Copyright2001 by the AmericanGeophysicalUnion. Paper number 2000JD900667. 0148-0227/01/2000JD900667509.00
procitywith unpolarizedlight. Okayamaand Ogura  found oppositeresults,but their experimentalprotocol was criticizedby Venable.The measurements of Clarkeand 11,917
Parrypermittedalsoto showthat directionalreciprocity is stillvalid with polarizedlight, if one considerscorresponding statesof polarizationfor incidentand emergingfluxes.At the 10 m scale in land surface remote sensingstudies,Kriebel  found some deviationto directionalreciprocityusing
the incomingirradianceE cos Oi, is denoted(L(-i, v)) (the anglebracketsrecall the radianceaveragingover S). (L(-i, v)) is dimensionless andis in essence the BRDF of the areaS. Directional reciprocityholds if and only if (L(-i, v)) = (L(-v, i)). One maydecompose (L(-i, v)) in multipleorders
airborne data. At the 50 km scale, clear scenesof Earth radi-
of scatteringwithin the slab,
ation budgetsatellitesensordata showedan insignificantdeviation from reciprocity[Davies,1994; Capderou,1998],while significantdeviationswere seenwith scenescontainingclouds [Davies,1994;LoebandDavies,1997].Lunarphotometrymeasurementsover large areas of the moon gave satisfactorydirectionalreciprocityresultsat the scaleof hundredsof kilometers[Minnaert,1941]. In the context of Earth radiation budget analysis,Di Girolamo et al. pointedout that a reciprocitybreakdowncan occurwhen the illuminated area has a spatialextensionlarger than that of the viewed area. This conditionis alwaysfulfilled in remote sensing,most often valid in laboratoryexperiments, but hasnot been consideredin previouswork (as for example in the recentdiscussion by Snyder).It impliesthat horizontal transportof radiation, enteringfrom outsideand exiting within the viewed area, producesa contributionto the measuredradiance, a priori different when illumination and view directionsare inverted.By contrast,photonsenteringand exitingthe viewed area are expectedto obey directionalreciprocity.The authorsperformed numericalsimulationexperiments on the basis of the Monte Carlo method, which indeed
supportedthese argumentsand producedviolationsof directional reciprocity,increasingas the sensorpixel sizedecreases or the sceneheterogeneityincreases. The presentpaper discusses this phenomenonfrom a theoretical point of view. It producesan explicitexpressionof the deviationfrom directionalreciprocityas a functionof the illumination/viewgeometryand of the three-dimensionaldistribution of the scattering and absorbingefficiencieswithin the media. It is based on integral forms of the radiative transfer equation,suitablefor the analysisof the reciprocityproblem, in a horizontal slabof heterogeneousabsorbingand scattering media.The approachdiffersfrom that of Chandrasekhar [1947, 1960] or Case in that here the sceneradianceobserved by the sensoris expandedin a seriesof scatteringorders,and integralforms of the radiativetransferequationare obtained for eachscatteringorder separately.An order of magnitudeof the deviationsfrom directionalreciprocityis derivedfrom the first-order integral form. It is then argued that this order of magnitudeshouldremain approximatelyvalid if all orders of scattering are taken into account. Practical applicationsof theseresultsat variouslengthscalesare discussed at the end of the paper.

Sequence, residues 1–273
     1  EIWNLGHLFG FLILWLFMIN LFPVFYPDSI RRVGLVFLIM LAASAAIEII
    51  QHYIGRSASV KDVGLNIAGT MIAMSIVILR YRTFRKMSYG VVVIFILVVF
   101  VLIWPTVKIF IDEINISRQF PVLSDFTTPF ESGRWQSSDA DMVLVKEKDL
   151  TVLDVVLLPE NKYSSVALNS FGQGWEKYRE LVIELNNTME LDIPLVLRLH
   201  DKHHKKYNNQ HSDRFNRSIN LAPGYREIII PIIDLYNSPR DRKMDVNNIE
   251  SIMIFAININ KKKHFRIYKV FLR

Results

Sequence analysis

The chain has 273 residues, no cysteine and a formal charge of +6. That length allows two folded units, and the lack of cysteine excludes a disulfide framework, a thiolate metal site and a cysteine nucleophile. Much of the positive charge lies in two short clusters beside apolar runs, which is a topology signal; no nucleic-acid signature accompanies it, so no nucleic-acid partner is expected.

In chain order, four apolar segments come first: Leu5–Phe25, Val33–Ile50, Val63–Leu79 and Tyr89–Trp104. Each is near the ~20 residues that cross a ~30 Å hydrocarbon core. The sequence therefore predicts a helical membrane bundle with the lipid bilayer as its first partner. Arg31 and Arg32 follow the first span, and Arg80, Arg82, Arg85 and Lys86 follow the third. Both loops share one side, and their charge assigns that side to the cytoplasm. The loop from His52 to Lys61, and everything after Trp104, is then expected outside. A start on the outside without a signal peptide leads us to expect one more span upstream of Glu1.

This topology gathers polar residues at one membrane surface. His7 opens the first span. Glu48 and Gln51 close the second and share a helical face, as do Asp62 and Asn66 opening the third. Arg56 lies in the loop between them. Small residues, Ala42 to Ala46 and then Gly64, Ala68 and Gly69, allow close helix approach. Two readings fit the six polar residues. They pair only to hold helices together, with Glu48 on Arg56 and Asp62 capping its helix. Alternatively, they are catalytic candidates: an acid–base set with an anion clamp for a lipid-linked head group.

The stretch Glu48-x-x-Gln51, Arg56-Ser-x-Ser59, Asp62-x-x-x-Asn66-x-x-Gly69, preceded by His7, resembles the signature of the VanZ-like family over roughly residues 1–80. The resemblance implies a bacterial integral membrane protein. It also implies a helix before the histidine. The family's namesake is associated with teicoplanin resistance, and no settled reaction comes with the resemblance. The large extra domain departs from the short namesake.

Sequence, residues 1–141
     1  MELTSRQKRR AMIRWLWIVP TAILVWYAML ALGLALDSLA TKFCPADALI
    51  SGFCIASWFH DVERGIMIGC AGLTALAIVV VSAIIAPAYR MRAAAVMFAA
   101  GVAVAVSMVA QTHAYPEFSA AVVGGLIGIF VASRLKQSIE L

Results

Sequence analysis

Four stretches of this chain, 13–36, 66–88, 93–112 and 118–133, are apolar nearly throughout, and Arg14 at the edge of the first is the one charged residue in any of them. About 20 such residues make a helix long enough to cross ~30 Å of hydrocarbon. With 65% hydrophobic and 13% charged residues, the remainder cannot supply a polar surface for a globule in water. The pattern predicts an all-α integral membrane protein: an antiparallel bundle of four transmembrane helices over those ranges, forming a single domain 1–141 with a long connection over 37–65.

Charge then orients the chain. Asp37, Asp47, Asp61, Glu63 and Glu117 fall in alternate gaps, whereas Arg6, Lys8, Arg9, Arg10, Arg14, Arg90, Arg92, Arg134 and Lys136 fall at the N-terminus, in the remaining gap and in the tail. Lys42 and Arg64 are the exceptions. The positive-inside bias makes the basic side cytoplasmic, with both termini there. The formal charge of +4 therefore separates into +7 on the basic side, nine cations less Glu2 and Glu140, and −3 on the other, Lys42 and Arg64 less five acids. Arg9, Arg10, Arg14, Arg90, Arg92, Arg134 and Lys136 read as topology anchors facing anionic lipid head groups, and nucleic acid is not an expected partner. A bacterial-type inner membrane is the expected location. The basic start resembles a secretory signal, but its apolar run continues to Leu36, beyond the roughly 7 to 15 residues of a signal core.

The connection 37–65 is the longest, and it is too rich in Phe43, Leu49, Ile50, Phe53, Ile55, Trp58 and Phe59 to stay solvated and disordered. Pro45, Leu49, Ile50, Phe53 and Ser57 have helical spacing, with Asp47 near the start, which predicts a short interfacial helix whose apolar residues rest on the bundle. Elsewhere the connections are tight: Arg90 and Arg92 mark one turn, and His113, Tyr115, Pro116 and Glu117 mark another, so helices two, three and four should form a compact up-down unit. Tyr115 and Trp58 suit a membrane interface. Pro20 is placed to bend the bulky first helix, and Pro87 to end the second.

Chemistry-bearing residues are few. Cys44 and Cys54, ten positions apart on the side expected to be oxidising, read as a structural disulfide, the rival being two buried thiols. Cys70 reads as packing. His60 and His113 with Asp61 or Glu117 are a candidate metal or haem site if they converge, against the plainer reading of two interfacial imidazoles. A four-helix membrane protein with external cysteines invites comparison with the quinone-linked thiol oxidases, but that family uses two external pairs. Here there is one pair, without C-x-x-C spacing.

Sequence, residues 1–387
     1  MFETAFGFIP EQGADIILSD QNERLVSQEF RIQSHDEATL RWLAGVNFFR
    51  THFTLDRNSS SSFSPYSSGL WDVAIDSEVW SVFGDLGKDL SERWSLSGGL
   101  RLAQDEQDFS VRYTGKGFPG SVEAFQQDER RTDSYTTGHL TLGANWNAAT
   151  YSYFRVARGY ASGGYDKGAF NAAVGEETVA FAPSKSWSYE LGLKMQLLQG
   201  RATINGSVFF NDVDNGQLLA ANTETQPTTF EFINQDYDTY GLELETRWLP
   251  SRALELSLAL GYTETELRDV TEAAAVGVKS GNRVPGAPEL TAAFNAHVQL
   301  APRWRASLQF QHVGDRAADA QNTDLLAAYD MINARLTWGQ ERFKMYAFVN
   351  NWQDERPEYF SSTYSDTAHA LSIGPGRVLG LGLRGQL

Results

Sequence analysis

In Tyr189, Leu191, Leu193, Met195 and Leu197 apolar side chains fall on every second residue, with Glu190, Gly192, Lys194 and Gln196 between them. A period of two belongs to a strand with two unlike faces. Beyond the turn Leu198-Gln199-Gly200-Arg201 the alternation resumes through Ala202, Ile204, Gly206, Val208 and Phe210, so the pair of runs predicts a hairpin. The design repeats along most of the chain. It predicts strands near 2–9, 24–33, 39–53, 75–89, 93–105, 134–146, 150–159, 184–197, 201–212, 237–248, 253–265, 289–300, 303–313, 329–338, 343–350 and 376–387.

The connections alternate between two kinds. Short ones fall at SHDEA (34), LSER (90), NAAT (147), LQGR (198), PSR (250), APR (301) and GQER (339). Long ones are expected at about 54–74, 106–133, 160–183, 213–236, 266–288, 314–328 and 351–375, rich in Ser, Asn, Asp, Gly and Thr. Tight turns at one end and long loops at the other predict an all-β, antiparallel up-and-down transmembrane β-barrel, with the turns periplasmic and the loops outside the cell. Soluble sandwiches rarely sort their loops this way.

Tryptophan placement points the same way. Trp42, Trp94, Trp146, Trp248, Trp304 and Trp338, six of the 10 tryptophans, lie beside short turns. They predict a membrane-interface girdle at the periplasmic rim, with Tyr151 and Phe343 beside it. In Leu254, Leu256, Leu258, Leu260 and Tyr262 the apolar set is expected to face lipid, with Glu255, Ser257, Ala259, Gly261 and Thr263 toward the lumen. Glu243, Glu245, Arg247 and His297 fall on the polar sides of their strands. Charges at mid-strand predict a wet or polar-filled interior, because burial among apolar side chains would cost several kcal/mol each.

Why Directional Reciprocity is Not Valid
Consider an infinite horizontal slab made of a heteroge-
neousscatteringand absorbingmedium(Figure 1 (top)). We assume,without lossof generality,that this medium is limited at the bottom by a black surface.The slabis uniformlyilluminated in direction -i, and the irradianceincidentnormallyto the slabisE cosOi,where Oiis the incidenceangleof the beam on the slab, and E is the irradiance of the beam. Let a sensor view an area S, locatedon top of the slab,in directionv. The radianceseen by the sensor,averagedover S, normalizedby
v)) + (œ('-)(-i, v)) +...
Weconsider firstthefirstorderof scattering term(L (•)( -i, v)). This term takesthe followingform (proofin AppendixA):
cos Oicos Ov • Vvt(-i, r)P(r,-i,v)t(r,v)dr, (2) where 0v is the viewzenithangle;t(- i, r) is the dimensionless transmissionof light along a path in direction -i down to a point in the slablocatedat r; similarly,t(r, v) is the transmissionof light alonga path in directionv from a point locatedat r up to the top of the slab;P(r, -i, v) is the scatteringphase functionevaluatedat r, for an incidentlight in direction -i and a scattered radiation in direction v, and normalized so that
f4• P(r, 1, 1') d• l, = its(r), where trs(r) is the volume
scattering coefficient (m-•) at position r, and1is anarbitrary direction;Vv is the volumicspaceoccupiedby scattererswhich are at the origin of the light collectedby the sensorin direction v. It is a cylinderof baseS, of heighth, and whosegeneratrix